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SCOTUS Delivers Win For Praying Football Coach

The Supreme Court delivered another conservative victory after overturning Roe v Wade, in the case of a football coach praying on the field post game. According to the majority opinion, the facts of the case were as follows:

Joseph Kennedy began working as a football coach at Bremerton High School in 2008 after nearly two decades of service in the Marine Corps. App. 167. Like many other football players and coaches across the country, Mr. Kennedy made it a practice to give “thanks through prayer on the playing field” at the conclusion of each game. Id., at 168, 171. In his prayers, Mr. Kennedy sought to express gratitude for “what the players had accomplished and for the opportunity to be part of their lives through the game of football.” Id., at 168. Mr. Kennedy offered his prayers after the players and coaches had shaken hands, by taking a knee at the 50-yard line and praying “quiet[ly]” for “approximately 30 seconds.” Id., at 168–169. Initially, Mr. Kennedy prayed on his own. See ibid. But over time, some players asked whether they could pray alongside him. 991 F. 3d 1004, 1010 (CA9 2021); App. 169. Mr. Kennedy responded by saying, “‘This is a free country. You can do what you want.’” Ibid. The number of players who joined Mr. Kennedy eventually grew to include most of the team, at least after some games. Sometimes team members invited opposing players to join. Other times Mr. Kennedy still prayed alone. See ibid. Eventually, Mr. Kennedy began incorporating short motivational speeches with his prayer when others were present. See id., at 170. Separately, the team at times engaged in pregame or postgame prayers in the locker room. It seems this practice was a “school tradition” that predated Mr. Kennedy’s tenure.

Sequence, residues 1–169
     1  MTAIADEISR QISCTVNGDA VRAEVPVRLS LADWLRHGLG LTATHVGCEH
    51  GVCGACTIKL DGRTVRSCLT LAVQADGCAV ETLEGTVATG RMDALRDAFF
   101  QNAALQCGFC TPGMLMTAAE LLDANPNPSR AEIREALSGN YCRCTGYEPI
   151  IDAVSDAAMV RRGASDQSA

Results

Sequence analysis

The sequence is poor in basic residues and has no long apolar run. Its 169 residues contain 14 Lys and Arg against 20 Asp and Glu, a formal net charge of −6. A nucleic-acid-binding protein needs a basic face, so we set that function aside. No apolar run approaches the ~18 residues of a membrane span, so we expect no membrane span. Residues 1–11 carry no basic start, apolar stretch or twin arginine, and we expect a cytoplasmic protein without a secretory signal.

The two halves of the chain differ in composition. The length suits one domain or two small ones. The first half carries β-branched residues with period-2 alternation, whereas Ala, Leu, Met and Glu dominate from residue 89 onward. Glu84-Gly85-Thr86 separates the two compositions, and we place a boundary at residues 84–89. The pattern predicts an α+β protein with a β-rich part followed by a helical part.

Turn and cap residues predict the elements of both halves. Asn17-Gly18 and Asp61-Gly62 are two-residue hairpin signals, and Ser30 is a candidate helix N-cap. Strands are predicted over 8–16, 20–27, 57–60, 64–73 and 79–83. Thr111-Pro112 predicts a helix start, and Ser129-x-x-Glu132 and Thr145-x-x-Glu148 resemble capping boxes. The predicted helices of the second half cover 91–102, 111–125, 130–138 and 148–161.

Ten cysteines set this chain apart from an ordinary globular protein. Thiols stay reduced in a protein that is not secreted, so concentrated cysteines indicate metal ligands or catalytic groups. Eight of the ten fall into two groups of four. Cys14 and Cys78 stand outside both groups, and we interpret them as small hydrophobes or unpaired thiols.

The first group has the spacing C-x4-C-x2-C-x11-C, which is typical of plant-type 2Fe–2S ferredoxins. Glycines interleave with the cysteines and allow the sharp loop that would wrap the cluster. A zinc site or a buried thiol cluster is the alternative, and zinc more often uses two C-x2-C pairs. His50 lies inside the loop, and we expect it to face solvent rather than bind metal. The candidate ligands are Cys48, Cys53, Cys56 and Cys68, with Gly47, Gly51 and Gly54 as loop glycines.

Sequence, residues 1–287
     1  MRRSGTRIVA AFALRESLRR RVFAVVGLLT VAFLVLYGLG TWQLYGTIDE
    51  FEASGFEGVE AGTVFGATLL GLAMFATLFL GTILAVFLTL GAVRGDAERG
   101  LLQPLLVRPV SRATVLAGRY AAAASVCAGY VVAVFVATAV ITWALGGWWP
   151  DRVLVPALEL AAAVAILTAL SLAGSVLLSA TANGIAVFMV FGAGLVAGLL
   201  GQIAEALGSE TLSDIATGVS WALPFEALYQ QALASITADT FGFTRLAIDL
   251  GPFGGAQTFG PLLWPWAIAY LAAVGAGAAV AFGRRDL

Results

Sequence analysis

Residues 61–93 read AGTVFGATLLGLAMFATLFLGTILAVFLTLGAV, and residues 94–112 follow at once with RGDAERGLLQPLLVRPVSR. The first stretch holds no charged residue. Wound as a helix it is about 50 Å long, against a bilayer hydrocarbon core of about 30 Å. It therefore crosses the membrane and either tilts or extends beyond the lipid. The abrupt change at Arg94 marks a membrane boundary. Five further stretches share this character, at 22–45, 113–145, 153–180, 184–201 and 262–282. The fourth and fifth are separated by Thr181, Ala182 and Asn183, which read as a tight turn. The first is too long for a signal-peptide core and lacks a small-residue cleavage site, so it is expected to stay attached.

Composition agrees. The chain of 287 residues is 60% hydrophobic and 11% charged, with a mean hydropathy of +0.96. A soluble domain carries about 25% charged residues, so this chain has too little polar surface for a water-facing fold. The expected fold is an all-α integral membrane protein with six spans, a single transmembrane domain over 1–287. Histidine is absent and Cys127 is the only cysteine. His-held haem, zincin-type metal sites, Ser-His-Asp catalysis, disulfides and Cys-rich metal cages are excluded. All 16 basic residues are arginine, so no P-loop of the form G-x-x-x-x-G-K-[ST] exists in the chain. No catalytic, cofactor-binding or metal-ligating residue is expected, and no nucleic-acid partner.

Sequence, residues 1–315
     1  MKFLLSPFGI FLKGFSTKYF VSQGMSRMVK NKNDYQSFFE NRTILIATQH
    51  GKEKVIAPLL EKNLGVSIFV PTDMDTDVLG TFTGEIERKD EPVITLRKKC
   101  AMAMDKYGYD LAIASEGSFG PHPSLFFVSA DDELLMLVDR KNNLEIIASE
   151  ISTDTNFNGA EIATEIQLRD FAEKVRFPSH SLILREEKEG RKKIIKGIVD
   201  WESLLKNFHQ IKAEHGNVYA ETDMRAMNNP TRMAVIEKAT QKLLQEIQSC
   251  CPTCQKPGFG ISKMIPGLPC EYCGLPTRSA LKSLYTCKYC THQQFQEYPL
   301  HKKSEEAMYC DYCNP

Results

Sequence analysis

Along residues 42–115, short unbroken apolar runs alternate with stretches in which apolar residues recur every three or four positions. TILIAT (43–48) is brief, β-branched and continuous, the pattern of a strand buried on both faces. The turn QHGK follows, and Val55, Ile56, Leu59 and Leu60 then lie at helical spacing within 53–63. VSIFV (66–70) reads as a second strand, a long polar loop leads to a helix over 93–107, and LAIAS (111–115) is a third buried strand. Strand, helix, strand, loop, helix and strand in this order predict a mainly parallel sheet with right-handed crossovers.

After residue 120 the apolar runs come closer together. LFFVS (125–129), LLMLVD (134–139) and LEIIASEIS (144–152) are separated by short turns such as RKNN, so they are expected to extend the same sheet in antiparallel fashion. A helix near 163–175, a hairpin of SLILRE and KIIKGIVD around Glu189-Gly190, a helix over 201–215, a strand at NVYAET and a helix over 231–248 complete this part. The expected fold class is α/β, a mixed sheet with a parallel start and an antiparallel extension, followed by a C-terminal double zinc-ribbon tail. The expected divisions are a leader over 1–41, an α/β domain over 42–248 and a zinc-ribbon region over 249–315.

In a 6-3 ruling, with a majority opinion authored by Justice Neil Gorsuch, the Supreme Court sided with Joseph Kennedy that his school district violated his First Amendment rights stating that:

Respect for religious expressions is indispensable to life in a free and diverse Republic. Here, a government entity sought to punish an individual for engaging in a personal religious observance, based on a mistaken view that it has a duty to suppress religious observances even as it allows comparable secular speech. The Constitution neither mandates nor tolerates that kind of discrimination. Mr. Kennedy is entitled to summary judgment on his religious exercise and free speech claims.

Coach Kennedy has stated he would return to coaching “in a heartbeat” upon winning the case.

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